Offshore pensions include several product types, including Personal Pension Plans, Self-Invested Personal Pension Plans (SIPPs) and Recognised Overseas Pension Schemes (ROPS), each with variable terms, advantages, and potential downsides.

Once you have established the nature of your pension fund, the forecast benefits, and whether the product aligns with your expectations, you can decide whether to consolidate, transfer or retain each product.

Any shortfall in your forecast income will need to be made up through other income streams or by diversifying your asset portfolio to ensure your projected returns will provide a stable, reliable income level for the years ahead.

Drawing on Your Retirement Income

Pension funds provide varying ways to access your income, normally with an optional lump-sum withdrawal of up to 25% of the value and/or regular pension payments. You may also be able to structure your pension according to your plans, drawing on larger amounts periodically if you do not wish to make monthly withdrawals.

Before making any concrete decisions, it is advisable to speak with an experienced expat wealth manager to ensure you are aware of your tax exposure and how this may affect your net income.

If there is a gap between your pension income and requirements, there are multiple approaches that may be suitable, whether reinvesting returns into new investments, adding new low-risk investments to your portfolio, or repurposing savings into products with higher returns.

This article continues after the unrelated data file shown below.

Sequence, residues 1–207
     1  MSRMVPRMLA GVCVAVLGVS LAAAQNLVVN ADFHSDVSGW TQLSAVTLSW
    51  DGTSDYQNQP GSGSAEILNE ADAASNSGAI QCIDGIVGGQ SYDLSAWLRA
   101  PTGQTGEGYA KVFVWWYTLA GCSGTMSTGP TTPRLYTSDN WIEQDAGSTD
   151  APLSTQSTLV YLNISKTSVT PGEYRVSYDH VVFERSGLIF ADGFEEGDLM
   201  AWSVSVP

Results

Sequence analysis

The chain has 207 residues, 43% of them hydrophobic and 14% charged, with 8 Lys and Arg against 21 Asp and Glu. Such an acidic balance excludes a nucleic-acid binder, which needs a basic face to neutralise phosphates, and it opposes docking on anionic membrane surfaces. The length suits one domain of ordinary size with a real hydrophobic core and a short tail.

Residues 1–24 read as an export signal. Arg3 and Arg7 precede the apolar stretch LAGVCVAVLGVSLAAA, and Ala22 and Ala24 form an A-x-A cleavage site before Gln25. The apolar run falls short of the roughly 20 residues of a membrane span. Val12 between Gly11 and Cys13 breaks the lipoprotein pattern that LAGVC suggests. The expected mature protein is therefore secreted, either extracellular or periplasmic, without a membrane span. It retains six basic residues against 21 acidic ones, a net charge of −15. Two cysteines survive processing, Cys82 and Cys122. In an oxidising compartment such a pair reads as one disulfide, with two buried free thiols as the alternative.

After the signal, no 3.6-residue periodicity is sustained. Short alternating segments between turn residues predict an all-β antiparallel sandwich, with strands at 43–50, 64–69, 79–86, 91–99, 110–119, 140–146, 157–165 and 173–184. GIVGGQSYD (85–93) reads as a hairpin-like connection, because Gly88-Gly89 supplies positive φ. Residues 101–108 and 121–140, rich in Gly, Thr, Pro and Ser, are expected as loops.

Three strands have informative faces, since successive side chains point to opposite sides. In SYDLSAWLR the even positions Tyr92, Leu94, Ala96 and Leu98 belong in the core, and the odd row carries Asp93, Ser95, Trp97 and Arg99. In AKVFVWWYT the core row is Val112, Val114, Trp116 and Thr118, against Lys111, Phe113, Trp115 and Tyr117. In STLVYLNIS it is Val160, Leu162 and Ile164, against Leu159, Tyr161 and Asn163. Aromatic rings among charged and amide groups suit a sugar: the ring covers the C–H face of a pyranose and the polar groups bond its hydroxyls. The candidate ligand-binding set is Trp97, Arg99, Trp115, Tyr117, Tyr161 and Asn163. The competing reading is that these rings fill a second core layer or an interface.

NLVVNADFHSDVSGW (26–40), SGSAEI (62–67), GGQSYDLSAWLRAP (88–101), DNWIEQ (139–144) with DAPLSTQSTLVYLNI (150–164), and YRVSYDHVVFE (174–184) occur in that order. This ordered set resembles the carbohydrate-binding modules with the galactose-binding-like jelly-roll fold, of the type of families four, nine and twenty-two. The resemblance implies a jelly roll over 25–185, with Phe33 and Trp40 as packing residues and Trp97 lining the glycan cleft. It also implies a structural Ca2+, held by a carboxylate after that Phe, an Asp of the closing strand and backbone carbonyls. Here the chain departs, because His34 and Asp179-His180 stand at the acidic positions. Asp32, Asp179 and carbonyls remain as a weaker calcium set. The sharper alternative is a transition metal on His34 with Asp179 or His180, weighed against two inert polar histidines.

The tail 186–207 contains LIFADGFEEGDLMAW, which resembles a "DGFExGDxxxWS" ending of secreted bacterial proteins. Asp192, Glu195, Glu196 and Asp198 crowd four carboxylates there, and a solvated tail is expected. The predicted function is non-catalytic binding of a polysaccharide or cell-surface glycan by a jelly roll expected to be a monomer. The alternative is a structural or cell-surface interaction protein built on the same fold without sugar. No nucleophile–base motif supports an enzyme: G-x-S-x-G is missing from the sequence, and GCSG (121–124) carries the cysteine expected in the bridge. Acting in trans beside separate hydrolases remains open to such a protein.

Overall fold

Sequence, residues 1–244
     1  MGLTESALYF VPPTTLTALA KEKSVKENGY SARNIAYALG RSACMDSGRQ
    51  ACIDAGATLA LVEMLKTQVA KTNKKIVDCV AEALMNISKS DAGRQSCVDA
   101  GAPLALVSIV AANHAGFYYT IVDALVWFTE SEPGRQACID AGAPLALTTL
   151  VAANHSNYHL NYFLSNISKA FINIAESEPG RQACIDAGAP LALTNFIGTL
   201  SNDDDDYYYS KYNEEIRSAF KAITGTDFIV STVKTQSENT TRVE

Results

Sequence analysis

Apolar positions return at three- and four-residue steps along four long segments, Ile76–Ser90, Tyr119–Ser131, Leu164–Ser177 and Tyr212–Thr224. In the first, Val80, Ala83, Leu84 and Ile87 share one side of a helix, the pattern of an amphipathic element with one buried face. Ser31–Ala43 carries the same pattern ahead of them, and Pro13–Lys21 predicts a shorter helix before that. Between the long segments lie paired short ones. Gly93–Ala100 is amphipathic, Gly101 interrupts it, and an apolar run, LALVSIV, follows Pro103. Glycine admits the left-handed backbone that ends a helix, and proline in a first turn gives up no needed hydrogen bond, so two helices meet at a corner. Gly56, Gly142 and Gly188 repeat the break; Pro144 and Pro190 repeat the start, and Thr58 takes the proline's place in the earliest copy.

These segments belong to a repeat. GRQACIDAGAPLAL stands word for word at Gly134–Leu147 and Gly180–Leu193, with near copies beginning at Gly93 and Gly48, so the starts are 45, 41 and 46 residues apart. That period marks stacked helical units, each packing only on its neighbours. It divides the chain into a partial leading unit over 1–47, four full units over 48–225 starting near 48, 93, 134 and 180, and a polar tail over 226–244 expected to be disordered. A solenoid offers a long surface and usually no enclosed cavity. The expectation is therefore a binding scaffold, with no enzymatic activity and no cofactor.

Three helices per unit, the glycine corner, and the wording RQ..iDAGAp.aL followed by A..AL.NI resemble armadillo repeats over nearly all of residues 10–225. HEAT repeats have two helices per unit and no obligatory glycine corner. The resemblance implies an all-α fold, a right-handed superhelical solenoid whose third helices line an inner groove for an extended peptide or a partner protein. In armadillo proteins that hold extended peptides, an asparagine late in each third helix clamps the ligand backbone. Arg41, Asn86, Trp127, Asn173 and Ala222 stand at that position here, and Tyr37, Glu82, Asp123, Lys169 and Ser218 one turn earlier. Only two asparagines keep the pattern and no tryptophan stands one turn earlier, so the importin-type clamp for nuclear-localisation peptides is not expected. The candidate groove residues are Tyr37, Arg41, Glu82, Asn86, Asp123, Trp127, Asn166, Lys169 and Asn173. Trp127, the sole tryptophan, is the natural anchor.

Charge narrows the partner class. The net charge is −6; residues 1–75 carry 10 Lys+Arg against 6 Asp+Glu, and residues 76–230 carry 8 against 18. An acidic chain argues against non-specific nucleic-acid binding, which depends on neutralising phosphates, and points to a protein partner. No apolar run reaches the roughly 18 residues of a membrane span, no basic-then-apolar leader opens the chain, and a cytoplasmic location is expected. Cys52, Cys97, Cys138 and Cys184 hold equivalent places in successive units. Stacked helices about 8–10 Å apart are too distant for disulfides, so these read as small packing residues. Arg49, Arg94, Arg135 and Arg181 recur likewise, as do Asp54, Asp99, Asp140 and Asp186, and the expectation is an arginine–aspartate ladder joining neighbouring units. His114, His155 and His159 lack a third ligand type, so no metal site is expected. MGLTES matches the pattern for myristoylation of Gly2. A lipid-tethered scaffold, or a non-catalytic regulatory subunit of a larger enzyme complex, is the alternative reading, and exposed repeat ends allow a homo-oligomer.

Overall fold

The right solution depends on your retirement budgets and plans, so working through these in detail is time well spent to ensure any investment or pension-related decisions you make remain consistent with your expectations.

Retirees can also compare money management approaches, such as using a systematic withdrawal strategy. Rather than withdrawing all the returns available from their portfolio, they reinvest dividends and interest earnings to grow their wealth over the long term.

By drawing a monthly payment from their account, they maintain a baseline level of invested wealth but ensure they have a reliable income stream to cover outgoings. Below we summarise a theoretical example to demonstrate how this may work in practice.

  • Investor A invests €100,000 in a fixed-term one-year savings product over ten years between 2005 and 2015 and draws 100% of the returns every 12 months. Depending on interest rates, their income varies from €700 to €4,210 annually, with a total return of €19,520 over the decade, retaining the original €100,000.
  • Investor B diversifies their portfolio to minimise risk, receives around twice the returns, and protects their invested €100,000 from depreciation due to ongoing inflation. After ten years, the original €100,000 is now worth €198,126 – a considerably more attractive sum.

To ensure a steady income stream, Investor B initiates a 5% regular drawdown from their total fund. At the end of the ten years, they have not needed to withdraw anything further, have continually reinvested, and have a fund worth €158,680: a 58% growth on the original investment, in addition to the income drawn.

Real-world returns, of course, vary depending on prevailing interest rates, economic conditions, invested capital, product selections and risk exposure.

Still, this example showcases why astute decision-making can provide favourable income throughout retirement and bolster the earnings available from a conventional pension product.

To discuss your retirement plans, investment strategy or savings approach, please contact your nearest Chase Buchanan office, or download our Free Retirement Planning Guide.